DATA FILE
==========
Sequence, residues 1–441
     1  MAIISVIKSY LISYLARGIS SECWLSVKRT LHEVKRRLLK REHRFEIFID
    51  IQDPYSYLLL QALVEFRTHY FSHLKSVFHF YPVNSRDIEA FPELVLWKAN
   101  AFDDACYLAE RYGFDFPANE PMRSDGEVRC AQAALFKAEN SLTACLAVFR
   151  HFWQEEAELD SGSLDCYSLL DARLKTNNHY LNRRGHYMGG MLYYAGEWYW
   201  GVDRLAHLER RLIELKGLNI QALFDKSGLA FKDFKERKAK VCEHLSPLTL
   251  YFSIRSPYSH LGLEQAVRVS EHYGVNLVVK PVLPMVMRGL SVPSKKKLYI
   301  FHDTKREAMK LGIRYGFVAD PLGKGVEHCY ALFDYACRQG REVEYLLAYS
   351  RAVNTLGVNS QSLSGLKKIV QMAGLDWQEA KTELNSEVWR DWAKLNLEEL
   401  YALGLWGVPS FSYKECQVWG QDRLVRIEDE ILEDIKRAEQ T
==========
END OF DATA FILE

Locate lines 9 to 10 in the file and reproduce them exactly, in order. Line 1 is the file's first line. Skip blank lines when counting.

   351  RAVNTLGVNS QSLSGLKKIV QMAGLDWQEA KTELNSEVWR DWAKLNLEEL
   401  YALGLWGVPS FSYKECQVWG QDRLVRIEDE ILEDIKRAEQ T